Nepal is a politically fragile country that is still feeling its way towards full democracy after a bitter civil war.
At the same time, this poor and mountainous country is dangerously exposed to earthquakes, floods and drought and outbreaks of infectious diseases.
A widely anticipated strong earthquake in the capital Kathmandu could cause more than 100,000 casualties and make more up to a million people homeless.
Nepal became a republic in 2008 after a 10-year civil war led to the abolition of its formerly powerful monarchy.
The Maoist uprising ended with a peace agreement in 2006. Two years later, the former rebels came to power through the ballot box, winning an absolute majority in the 2008 elections.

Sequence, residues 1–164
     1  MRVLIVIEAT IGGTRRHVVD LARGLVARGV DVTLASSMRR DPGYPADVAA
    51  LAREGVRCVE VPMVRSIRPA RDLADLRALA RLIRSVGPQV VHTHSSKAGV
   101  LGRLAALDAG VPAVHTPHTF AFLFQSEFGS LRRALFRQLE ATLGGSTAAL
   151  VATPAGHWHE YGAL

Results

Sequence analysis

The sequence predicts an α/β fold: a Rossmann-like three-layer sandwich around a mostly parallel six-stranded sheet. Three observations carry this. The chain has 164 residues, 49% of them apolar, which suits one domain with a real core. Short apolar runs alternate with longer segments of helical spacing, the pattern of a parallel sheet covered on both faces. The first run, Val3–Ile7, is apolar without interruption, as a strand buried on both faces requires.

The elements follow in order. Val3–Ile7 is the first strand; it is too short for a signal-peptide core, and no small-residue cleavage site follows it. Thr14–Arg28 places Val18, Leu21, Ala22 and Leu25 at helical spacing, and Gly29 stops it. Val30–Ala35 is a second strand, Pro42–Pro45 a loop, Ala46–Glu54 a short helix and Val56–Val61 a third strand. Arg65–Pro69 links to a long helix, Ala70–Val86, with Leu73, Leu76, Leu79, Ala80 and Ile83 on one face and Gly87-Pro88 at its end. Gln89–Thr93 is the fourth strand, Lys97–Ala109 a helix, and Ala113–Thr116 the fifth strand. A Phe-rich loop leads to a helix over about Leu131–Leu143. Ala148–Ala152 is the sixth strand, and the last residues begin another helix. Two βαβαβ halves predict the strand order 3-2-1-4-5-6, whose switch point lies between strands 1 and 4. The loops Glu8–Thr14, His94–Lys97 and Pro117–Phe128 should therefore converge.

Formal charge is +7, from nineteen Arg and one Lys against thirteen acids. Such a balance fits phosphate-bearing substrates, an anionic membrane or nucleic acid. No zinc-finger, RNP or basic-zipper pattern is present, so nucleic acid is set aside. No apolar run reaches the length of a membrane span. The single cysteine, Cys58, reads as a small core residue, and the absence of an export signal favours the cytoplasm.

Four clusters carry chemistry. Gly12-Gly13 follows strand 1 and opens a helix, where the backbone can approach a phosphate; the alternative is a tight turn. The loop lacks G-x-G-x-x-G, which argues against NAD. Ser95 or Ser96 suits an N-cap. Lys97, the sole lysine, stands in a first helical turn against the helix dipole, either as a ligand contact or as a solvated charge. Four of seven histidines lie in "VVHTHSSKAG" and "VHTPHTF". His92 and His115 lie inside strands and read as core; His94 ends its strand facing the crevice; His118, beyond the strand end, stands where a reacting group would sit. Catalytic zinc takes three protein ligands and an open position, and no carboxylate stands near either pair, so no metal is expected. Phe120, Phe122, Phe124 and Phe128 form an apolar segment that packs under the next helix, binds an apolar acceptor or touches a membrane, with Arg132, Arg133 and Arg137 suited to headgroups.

However, the civil war left over 16,000 people dead, according to government figures, and up to 150,000 internally displaced people and refugees.
It created deep divisions within Nepalese society. The country‟s politics are still riven by in-fighting.
Nepal suffers from frequent floods, droughts and health epidemics. It is also subject to powerful earthquakes.
A major earthquake in the Kathmandu Valley occurs every 75 years or so.
The last one, measuring 8.3 on the Richter scale, occurred in 1934. In 2